After Alfonso Cuarón’s Roma, distributed and campaigned for by Netflix, won three Oscars, Steven Spielberg is upping his disapproval of Netflix films at the Oscars by addressing it directly with the Board of Governors at the Academy of Motion Picture Arts and Sciences, trade publication Indiewire reported on Friday.
Spielberg has spoken openly about how films debuting on streaming platforms such as Netflix, Amazon, and Hulu should only be considered in the TV movie space at the Emmy Awards, and not in the film categories at the Oscars. “Once you commit to a television format, you’re a TV movie. The good show deserves an Emmy, but not an Oscar,” he said last year.
Indiewire wrote that the veteran blockbuster filmmaker, who is a board member of the directing branch of the Academy, will propose rule changes that will prevent Netflix titles from qualifying for Oscar contention. Representatives for Spielberg had no comment when reached by EW on Friday, and spokespeople for the Academy and Netflix did not immediately return EW’s requests for comment. Filmmaker Ava DuVernay — whose Oscar-nominated documentary 13th was distributed through Netflix in 2016 and whose upcoming four-part series on the Central Park Five, When They See Us, will premiere on Netflix on May 31 — responded to the news of Spielberg’s meeting by asking the Academy to include not just the Board of Governors but also “filmmakers in the room or read statements from directors like me who feel differently.”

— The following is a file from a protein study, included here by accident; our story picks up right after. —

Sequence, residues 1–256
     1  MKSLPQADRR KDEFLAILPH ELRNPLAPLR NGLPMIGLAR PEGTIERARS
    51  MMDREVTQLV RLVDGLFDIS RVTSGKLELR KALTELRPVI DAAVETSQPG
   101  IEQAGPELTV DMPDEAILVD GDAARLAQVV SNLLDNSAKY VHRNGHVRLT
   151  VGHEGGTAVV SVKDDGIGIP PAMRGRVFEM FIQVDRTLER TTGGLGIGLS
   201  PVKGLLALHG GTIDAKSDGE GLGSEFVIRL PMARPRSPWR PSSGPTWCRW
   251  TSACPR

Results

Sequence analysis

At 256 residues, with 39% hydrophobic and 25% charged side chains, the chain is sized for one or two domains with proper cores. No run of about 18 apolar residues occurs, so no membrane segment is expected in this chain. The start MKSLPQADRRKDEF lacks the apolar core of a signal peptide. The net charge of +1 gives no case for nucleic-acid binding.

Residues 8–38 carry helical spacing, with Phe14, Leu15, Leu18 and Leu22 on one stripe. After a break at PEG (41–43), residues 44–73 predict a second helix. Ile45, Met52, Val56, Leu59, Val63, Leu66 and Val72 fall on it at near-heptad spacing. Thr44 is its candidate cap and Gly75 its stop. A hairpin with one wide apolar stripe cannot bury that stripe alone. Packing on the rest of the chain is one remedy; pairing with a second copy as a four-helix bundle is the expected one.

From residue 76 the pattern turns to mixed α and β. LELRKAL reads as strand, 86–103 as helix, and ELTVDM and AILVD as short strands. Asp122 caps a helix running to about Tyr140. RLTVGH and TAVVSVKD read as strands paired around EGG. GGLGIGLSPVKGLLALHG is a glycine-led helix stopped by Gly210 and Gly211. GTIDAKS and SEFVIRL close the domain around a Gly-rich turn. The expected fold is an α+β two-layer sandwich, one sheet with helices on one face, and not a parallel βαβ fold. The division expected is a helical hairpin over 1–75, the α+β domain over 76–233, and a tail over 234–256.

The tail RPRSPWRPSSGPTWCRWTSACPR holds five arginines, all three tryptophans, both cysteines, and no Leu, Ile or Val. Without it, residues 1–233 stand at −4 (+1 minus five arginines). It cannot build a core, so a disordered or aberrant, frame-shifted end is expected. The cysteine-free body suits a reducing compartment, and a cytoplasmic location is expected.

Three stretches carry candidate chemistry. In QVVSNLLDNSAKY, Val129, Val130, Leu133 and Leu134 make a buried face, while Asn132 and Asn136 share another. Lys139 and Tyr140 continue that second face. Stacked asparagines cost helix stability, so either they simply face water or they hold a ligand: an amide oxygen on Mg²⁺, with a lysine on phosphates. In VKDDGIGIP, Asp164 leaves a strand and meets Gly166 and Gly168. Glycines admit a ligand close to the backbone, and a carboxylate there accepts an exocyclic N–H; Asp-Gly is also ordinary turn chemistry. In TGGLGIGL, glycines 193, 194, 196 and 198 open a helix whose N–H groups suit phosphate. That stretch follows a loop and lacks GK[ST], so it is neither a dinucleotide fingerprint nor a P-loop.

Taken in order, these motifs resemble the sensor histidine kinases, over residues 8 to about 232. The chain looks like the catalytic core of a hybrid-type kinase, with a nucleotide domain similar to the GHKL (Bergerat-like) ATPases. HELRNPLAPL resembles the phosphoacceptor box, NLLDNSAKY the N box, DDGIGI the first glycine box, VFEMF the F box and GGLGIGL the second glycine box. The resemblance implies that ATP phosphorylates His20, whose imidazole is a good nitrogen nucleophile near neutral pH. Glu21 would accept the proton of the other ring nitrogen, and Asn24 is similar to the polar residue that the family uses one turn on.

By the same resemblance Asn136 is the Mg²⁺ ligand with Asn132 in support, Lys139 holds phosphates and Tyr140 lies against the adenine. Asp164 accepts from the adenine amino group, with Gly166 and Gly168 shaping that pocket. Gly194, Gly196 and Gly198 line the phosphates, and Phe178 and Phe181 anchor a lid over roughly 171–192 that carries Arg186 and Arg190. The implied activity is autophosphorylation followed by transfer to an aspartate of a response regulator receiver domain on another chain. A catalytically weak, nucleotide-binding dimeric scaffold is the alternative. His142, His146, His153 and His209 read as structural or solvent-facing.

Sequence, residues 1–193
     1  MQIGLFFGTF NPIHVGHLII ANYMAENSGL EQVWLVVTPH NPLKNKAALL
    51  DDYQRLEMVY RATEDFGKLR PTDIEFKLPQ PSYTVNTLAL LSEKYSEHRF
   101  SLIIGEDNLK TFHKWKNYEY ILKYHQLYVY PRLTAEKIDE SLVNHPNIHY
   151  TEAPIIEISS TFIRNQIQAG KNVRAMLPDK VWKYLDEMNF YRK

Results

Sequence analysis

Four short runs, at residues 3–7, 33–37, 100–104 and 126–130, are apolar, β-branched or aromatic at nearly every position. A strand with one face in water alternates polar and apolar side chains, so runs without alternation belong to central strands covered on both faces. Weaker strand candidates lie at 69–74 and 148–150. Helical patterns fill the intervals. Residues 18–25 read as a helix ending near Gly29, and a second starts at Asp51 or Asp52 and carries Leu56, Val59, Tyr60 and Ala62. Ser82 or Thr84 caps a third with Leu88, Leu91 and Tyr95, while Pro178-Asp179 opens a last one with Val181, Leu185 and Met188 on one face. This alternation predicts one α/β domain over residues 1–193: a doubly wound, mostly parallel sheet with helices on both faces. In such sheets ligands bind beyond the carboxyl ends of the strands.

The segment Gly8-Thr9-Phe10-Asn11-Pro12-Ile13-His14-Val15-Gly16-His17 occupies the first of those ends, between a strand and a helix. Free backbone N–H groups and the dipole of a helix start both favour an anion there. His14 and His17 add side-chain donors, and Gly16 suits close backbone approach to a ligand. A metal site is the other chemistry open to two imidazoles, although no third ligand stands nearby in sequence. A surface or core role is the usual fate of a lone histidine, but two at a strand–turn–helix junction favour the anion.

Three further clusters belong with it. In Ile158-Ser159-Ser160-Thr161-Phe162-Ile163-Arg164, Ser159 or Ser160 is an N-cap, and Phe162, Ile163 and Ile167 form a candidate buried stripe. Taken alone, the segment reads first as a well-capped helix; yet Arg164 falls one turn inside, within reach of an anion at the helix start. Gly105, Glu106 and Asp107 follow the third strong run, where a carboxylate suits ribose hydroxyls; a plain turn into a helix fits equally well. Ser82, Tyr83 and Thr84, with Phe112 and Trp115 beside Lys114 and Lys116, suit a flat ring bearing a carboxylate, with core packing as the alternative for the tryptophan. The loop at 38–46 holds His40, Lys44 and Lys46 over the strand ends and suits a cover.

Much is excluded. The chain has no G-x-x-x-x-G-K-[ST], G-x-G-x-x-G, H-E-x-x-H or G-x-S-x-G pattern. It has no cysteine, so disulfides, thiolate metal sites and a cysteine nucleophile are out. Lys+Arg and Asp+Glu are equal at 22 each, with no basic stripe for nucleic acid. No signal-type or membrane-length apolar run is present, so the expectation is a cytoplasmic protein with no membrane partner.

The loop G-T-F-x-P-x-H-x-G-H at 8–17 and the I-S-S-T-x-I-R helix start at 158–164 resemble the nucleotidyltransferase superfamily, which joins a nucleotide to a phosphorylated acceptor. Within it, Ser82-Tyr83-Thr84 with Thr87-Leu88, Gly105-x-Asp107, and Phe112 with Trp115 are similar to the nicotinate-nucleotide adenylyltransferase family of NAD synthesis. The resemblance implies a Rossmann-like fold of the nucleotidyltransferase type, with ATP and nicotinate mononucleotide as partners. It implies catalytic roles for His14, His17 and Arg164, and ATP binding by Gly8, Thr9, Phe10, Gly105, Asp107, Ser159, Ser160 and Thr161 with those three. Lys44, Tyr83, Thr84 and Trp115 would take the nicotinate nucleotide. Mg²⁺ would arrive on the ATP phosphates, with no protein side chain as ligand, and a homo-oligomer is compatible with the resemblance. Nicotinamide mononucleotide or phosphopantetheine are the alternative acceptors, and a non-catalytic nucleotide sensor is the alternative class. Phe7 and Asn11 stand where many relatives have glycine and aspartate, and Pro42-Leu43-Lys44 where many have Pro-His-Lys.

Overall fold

The debate of the disruption that streaming platforms have caused in the traditional film distribution model has been ongoing ever since Netflix, Amazon, and Hulu entered the film space, but it’s particularly resonant in a year where Netflix reportedly spent around $40 to $60 million on a successful Oscar campaign for Roma, which nabbed 10 Oscar nominations and three wins (Netflix purchased the distribution rights to the film after it had been made). Netflix changed its own distribution models to release Roma in limited theatrical runs, but opted for the four-walling model, where it rented out movie theaters and kept the box office revenue.
The Oscars amended its rules in 2017 to prevent multi-part documentary series from qualifying for the Documentary categories, months after ESPN’s five-part O.J.: Made in America won Best Documentary Feature.